• Export Citation
  • 46.

    To E, Dyck R, Gerber S, et al. The effectiveness of topical polyhexamethylene biguanide (PHMB) agents for the treatment of chronic wounds: a systematic review. Surg Technol Int 2016;29:4551.

    • Search Google Scholar
    • Export Citation
  • 47.

    Sibbald RG, Coutts P, Woo KY. Reduction of bacterial burden and pain in chronic wounds using a new polyhexamethylene biguanide antimicrobial foam dressing-clinical trial results. Adv Skin Wound Care 2011;24:7884.

    • Crossref
    • Search Google Scholar
    • Export Citation
  • 48.

    Chindera K, Mahato M, Sharma AK, et al. The antimicrobial polymer PHMB enters cells and selectively condenses bacterial chromosomes. Sci Rep 2016;6:23121.

  • 49.

    Assadian O, Assadian A, Stadler M, et al. Bacterial growth kinetic without the influence of the immune system using vacuum-assisted closure dressing with and without negative pressure in an in vitro wound model. Int Wound J 2010;7:283289.

    • Crossref
    • Search Google Scholar
    • Export Citation

Advertisement

Effects of various wound dressings on microbial growth in perfused equine musculocutaneous flaps

Eva De Clercq MVetMed1, Stien Den Hondt MVetMed1, Cindy De Baere1, and Ann M. Martens DVM, PhD1
View More View Less
  • 1 Department of Surgery and Anaesthesiology of Domestic Animals, Faculty of Veterinary Medicine Ghent University, B-9820 Merelbeke, Belgium.

Abstract

OBJECTIVE

To compare the effect of multiple wound dressings on microbial growth in a perfused equine wound model.

SAMPLE

Abdominal musculocutaneous flaps from 16 equine cadavers.

PROCEDURES

8 full-thickness skin wound covered were created in each flap. Tissues were perfused with saline (0.9% NaCl) solution. Wounds were inoculated with methicillin-resistant Staphylococcus aureus (MRSA) or Pseudomonas aeruginosa (106 CFUs), incubated, and covered with a dressing containing activated charcoal, boric acid, cadexomer iodine, calcium alginate, manuka honey, nanoparticle silver, or polyhexamethylene biguanide or with a control (nonadherent gauze) dressing. Muscle biopsy specimens were obtained at baseline (immediately prior to dressing application) and 6, 12, 18, and 24 hours later for mean bacterial load (MBL) determination. The MBLs at each subsequent time point were compared with that at baseline within dressing types, and MBLs at each time point were compared among dressing types.

RESULTS

MBLs in MRSA-inoculated wounds covered with cadexomer iodine dressings were significantly decreased from baseline at the 6− and 12-hour time points. For P aeruginosa–inoculated wounds, MBLs were significantly increased from baseline in all wounds at various times except for wounds with cadexomer iodine dressings. The MBLs of wounds with cadexomer iodine dressings were lower than all others, although not always significantly different from those for wounds with boric acid, manuka honey, nanoparticle silver, and polyhexamethylene biguanide dressings.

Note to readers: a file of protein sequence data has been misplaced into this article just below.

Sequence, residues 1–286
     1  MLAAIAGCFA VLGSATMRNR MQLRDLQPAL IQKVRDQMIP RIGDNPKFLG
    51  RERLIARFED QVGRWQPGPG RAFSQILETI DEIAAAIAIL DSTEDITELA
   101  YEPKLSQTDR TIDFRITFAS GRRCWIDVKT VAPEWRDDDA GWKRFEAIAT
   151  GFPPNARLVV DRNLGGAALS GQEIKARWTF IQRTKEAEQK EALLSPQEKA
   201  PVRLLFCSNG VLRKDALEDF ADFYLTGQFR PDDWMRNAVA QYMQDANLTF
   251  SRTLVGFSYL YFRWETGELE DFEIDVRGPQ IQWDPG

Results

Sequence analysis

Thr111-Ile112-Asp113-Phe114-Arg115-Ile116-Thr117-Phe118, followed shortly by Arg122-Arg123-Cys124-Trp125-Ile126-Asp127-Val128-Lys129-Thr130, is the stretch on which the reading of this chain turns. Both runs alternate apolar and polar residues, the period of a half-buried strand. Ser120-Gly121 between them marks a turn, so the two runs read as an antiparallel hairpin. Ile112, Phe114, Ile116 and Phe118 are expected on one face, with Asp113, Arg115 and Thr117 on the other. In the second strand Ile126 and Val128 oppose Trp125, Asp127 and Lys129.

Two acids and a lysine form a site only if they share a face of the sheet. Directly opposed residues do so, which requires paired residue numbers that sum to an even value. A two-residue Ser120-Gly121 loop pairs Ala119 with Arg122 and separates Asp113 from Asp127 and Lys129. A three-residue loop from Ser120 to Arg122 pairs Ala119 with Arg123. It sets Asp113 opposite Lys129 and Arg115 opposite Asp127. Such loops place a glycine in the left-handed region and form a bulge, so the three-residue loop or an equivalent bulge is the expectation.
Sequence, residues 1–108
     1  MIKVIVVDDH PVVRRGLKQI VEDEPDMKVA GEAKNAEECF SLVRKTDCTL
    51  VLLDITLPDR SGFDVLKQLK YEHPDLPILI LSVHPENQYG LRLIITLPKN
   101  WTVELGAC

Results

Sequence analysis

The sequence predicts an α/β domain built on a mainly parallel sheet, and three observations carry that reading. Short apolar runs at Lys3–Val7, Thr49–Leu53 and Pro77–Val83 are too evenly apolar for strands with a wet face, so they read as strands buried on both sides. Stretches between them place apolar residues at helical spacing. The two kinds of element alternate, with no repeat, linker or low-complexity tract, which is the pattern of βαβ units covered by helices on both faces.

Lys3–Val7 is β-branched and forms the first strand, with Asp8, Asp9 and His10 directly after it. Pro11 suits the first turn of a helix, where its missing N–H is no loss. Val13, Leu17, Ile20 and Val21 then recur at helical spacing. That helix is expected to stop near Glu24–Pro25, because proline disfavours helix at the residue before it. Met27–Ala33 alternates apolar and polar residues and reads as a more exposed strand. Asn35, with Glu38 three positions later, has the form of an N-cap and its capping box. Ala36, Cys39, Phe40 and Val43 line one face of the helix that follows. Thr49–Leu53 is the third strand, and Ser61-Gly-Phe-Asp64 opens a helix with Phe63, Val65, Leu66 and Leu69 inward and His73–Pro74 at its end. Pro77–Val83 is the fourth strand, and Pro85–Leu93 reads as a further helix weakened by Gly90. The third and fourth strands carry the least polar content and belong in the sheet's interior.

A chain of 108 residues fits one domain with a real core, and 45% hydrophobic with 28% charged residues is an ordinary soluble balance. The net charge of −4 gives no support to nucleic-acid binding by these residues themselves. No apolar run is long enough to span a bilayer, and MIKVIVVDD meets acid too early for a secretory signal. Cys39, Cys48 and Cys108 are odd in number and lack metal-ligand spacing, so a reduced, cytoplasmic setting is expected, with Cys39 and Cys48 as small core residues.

CONCLUSIONS AND CLINICAL RELEVANCE

In this nonviable perfused wound model, growth of MRSA and P aeruginosa was most effectively reduced or inhibited by cadexomer iodine dressings. These results and the effect of the dressings on wound healing should be confirmed with in vivo studies.

Abstract

OBJECTIVE

To compare the effect of multiple wound dressings on microbial growth in a perfused equine wound model.

SAMPLE

Abdominal musculocutaneous flaps from 16 equine cadavers.

PROCEDURES

8 full-thickness skin wound covered were created in each flap. Tissues were perfused with saline (0.9% NaCl) solution. Wounds were inoculated with methicillin-resistant Staphylococcus aureus (MRSA) or Pseudomonas aeruginosa (106 CFUs), incubated, and covered with a dressing containing activated charcoal, boric acid, cadexomer iodine, calcium alginate, manuka honey, nanoparticle silver, or polyhexamethylene biguanide or with a control (nonadherent gauze) dressing. Muscle biopsy specimens were obtained at baseline (immediately prior to dressing application) and 6, 12, 18, and 24 hours later for mean bacterial load (MBL) determination. The MBLs at each subsequent time point were compared with that at baseline within dressing types, and MBLs at each time point were compared among dressing types.

RESULTS

MBLs in MRSA-inoculated wounds covered with cadexomer iodine dressings were significantly decreased from baseline at the 6− and 12-hour time points. For P aeruginosa–inoculated wounds, MBLs were significantly increased from baseline in all wounds at various times except for wounds with cadexomer iodine dressings. The MBLs of wounds with cadexomer iodine dressings were lower than all others, although not always significantly different from those for wounds with boric acid, manuka honey, nanoparticle silver, and polyhexamethylene biguanide dressings.

CONCLUSIONS AND CLINICAL RELEVANCE

In this nonviable perfused wound model, growth of MRSA and P aeruginosa was most effectively reduced or inhibited by cadexomer iodine dressings. These results and the effect of the dressings on wound healing should be confirmed with in vivo studies.

Contributor Notes

Address correspondence to Dr. De Clercq (eclercq1@gmail.com).